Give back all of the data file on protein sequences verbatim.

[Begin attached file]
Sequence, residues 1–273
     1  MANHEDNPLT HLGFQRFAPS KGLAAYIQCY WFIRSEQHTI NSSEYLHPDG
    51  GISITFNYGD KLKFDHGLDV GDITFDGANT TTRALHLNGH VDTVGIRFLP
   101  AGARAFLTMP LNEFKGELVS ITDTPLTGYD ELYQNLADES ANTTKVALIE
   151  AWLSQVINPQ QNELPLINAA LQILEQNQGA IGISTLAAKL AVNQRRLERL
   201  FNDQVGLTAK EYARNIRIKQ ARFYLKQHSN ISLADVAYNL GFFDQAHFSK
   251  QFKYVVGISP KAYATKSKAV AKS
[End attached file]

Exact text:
Sequence, residues 1–273
     1  MANHEDNPLT HLGFQRFAPS KGLAAYIQCY WFIRSEQHTI NSSEYLHPDG
    51  GISITFNYGD KLKFDHGLDV GDITFDGANT TTRALHLNGH VDTVGIRFLP
   101  AGARAFLTMP LNEFKGELVS ITDTPLTGYD ELYQNLADES ANTTKVALIE
   151  AWLSQVINPQ QNELPLINAA LQILEQNQGA IGISTLAAKL AVNQRRLERL
   201  FNDQVGLTAK EYARNIRIKQ ARFYLKQHSN ISLADVAYNL GFFDQAHFSK
   251  QFKYVVGISP KAYATKSKAV AKS